After last year’s extreme lockdown gardening, I can wait another six months to plant (and won’t be able to garden on anywhere near that scale here anyway). It’s weird, though, to be constantly exposed to northern hemisphere tropes and assumptions about the seasons. Online advertisers are really not smart (why does anyone spend money on “targeted” ads?): though I have set my location in all my profiles to say I’m in Sydney, I still get ads for US products that I couldn’t buy even if I wanted to. So now I’m starting to see ads about spring, which are incongruous here.
The standard western/co-opted Christian holidays fit even more oddly in the southern hemisphere than at the equator. Christmas is a winter solstice festival, hence the celebrations with lights and fires on the longest night of the year. Christmas lights in Australia seem somewhat pointless – you can’t even see them until full dark (9:30pm in Sydney in December). Easter is a pagan celebration of spring and fertility, which again feels odd as the days are getting shorter and colder. Schools have a two-week term break in June/July, but there’s no midwinter holiday to alleviate the darkness (here, too, we will have 5pm sunsets). But Australia is a huge country; we can escape to the tropics.
The long school holiday is six weeks from mid December to late January, so everyone can enjoy the summer. In western Sydney, schools go back a week later, because the inland parts of Sydney get far hotter, and in recent years extreme heatwaves have been particularly horrible in schools, none of which have air conditioning.
I’m also often confused about what day of the week it is. Sydney is 18 hours ahead of the US west coast meaning that, most of the time, the US’ today is our yesterday. Holidays feel anticlimactic, especially online: by the time many of our friends were celebrating New Year’s Eve, it was already well into January 1st for us.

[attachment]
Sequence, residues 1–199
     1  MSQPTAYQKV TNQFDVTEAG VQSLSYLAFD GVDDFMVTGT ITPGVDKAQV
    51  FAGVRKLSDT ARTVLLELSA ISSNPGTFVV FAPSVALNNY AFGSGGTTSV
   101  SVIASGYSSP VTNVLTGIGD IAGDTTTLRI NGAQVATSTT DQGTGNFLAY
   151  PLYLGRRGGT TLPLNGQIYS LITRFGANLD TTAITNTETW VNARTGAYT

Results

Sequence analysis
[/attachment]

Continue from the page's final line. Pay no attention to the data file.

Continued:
Because we still work with the same teams on the US west coast, Brendan and I both keep as close as humanely possible to a California schedule: we are available for meetings at 7am our time, which is currently 1pm in Los Gatos/Seattle (it was noon, until the US started daylight savings time this week, and scheduling will get worse by another hour on April 4th, when daylight savings time ends here). The US’ Monday is our Tuesday, so our work week starts on Tuesday morning and ends Saturday. Fortunately, both of our employers try to observe “no meeting Fridays,” so we aren’t always getting up early for meetings on Saturdays. Sunday is the only day we get completely off – we don’t have work, Mitchell doesn’t have school. Monday we don’t work, but someone has to get up and take the kid to school. So by the time it’s Friday in Australia I feel like it ought to be the weekend, but for us it isn’t. And I never really feel sure what day it is.
At least Mondays we mostly take off – it’s nice to have a day just to the two of us, conducive to expeditions, like last week’s trip to Wottamolla Bay.